Microsoft is looking to improve community moderation on Xbox Live in an effort to curb harassment on the service.
As reported in The New York Times, the tech giant is strengthening the service's automated moderation tools, which include algorithms that automatically mute those who are repeatedly blocked by others.
The impetus for change came after an episode of webseries Extra Credits centering on harassment asked gamers to email Microsoft and request that more was done to stop abuse in gaming.
The subsequent slew of email resulted in Extra Credit’s James Portnow being invited to Microsoft’s headquarters for a meeting with the Xbox Live team.
“He met with a team of executives, including a vice president, for four hours, and they discussed how Microsoft was developing better algorithms for things like automatically muting repeat offenders,” said a Microsoft spokesperson.
Portnow felt that change was overdue.
“For the longest time, people have seen games as a children’s pastime, and we as an industry have stood behind this idea.”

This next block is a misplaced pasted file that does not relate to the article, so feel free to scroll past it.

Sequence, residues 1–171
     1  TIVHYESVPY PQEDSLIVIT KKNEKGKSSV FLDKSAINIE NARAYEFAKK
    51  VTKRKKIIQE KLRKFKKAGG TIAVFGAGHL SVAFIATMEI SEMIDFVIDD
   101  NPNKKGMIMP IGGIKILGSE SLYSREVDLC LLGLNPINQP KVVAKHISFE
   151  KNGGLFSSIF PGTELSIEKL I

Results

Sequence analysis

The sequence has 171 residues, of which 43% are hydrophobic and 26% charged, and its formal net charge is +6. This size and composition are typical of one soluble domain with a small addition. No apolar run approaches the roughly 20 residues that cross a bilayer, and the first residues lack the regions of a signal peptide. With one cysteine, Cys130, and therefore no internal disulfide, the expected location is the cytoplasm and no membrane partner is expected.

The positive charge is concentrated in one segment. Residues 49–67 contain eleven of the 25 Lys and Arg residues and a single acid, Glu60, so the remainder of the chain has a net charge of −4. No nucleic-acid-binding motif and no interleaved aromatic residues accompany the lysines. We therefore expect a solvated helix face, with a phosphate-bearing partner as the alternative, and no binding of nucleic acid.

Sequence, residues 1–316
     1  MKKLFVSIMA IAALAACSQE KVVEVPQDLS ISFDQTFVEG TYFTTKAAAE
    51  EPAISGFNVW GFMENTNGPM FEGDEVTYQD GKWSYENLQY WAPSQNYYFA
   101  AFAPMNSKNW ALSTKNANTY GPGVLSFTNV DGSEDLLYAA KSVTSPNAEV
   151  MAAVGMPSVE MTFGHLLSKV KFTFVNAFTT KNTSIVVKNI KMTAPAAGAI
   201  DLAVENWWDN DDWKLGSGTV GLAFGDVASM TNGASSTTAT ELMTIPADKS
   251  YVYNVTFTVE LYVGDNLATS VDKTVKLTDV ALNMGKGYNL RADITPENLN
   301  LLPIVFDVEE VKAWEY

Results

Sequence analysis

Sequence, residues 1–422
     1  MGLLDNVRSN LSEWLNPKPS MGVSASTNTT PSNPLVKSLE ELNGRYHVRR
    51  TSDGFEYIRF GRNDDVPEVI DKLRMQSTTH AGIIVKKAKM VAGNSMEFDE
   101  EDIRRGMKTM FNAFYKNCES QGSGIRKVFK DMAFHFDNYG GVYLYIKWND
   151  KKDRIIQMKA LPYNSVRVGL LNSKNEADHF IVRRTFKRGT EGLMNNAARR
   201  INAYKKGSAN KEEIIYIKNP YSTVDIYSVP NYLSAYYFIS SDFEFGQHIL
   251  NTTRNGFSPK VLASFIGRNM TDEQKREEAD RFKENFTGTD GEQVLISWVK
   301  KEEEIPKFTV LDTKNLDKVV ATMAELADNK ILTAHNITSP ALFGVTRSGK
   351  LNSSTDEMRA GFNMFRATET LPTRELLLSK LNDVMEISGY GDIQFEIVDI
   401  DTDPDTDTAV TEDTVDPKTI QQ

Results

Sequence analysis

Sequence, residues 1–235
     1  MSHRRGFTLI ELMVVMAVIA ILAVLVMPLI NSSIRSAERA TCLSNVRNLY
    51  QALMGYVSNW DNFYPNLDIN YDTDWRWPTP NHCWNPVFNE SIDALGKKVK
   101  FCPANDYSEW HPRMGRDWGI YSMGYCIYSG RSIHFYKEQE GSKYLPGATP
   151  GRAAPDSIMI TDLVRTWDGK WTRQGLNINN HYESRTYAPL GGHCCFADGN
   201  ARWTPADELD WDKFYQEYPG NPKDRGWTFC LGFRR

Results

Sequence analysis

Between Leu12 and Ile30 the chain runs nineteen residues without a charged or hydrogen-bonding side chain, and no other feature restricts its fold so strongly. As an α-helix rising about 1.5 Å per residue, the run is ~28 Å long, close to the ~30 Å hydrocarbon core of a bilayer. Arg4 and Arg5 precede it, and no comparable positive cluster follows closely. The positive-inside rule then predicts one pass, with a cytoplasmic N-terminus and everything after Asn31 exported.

“But that’s not true any longer. We are a real mass medium, and we have a real effect on the culture. We have to take a step beyond this idea that nothing we could possibly do could be negative, or hurt people.”
Portnow is speaking at PAX later this month as part of a panel called “Ending Harassment in Gaming”.
The issue of online harassment and how to combat it has taken centre stage as of late: an IndieGoGo campaign to resurrect hacked anti-hate speech site Gamers Against Bigotry recently closed after easily achieving its funding goal, and a Kickstarter for a gay-friendly yet all-inclusive gaming convention passed its US$25,000 (AU$23,725) with 24 days remaining in its pledge drive.